A separate different looking Buffalo elevator design also made of concrete (but mostly cast this time) was developed from lessons learned from this earlier model. Even so, it also went pretty much nowhere. Three of these “2000” models were built in the 1980s, two of which still exist. Team BIGDoer visited one. See: Buffalo 2000.

The final elevator in Magrath belongs, interestingly, to the local Church of Latter Day Saints and we believe it operates as some sort of cooperative. Little information can be found on it – we called around and got pretty much nowhere. It’s believed to have have been built in the 1990s however (other reports say as far back as the late 1970s). If more should come to light, we’ll update things here. Something to add? Speak up!

This elevator is made from slip-formed concrete, a modern technique of construction oftentimes used in building grain elevators today – most modern ones are larger than this however.

Interestingly, the elevators here are not arranged in a line on a single long siding as was the norm. Instead there was two rows, each across the from the other.

Grain Elevator Magrath AB

Across the old rail line, this traditional 1910s era wood elevator.

There used to be other elevators in Magrath. Some dated back to the early 1900s with most gone by the early 2000s. One belonged to Ogilvie Flour Mills. I’m on the board of a group saving the very last wood Ogilvie. See: Ogilvie Grain Elevator Wrentham Alberta. That farmer, he comes up a lot doesn’t he, had one additional elevator here (ex-P&H, built 1918), that went up in flames, in spectacular fashion, in 2006. Didn’t we touch on elevator fires earlier? A fair number of wood elevators were lost this way over the years.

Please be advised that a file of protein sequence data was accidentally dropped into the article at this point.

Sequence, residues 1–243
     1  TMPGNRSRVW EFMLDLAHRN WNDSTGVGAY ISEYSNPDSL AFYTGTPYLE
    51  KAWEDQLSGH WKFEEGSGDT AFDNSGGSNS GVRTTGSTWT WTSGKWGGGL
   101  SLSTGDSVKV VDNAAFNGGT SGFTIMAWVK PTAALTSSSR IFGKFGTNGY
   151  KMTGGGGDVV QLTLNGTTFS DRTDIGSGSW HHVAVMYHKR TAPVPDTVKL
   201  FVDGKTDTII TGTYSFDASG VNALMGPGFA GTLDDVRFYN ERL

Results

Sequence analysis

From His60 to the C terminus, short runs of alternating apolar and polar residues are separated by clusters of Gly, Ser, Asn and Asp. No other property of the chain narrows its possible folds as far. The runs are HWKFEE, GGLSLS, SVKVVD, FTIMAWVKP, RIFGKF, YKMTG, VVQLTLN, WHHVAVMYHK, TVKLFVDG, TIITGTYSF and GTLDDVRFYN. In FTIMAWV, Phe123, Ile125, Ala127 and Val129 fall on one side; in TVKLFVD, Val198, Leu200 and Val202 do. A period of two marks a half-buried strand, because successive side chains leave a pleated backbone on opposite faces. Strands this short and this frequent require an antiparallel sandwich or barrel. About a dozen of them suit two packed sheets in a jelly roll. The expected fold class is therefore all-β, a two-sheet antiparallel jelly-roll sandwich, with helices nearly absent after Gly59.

The railway used to run past these elevators. I don’t know if the LDS facility was used to ship out grain by rail, but the others seen here were. The line, originally built narrow gauge, came through in around 1900 and was known as the St. Mary’s River Railway Company, one of the “Galt” lines. The CPR took over around 1912 and converted the track to standard gauge. The line (CPR Cardston Subdivision) ran from Stirling in the east, connecting with the CPR’s north/south secondary line there, west to Cardston and for a time beyond. It was always a grain branch although other products, mostly related to the oil and gas industries, were also carried. The branch was mostly abandoned in the early 2000s although some track east of Magrath remains in place.

Enough talk, more pics please…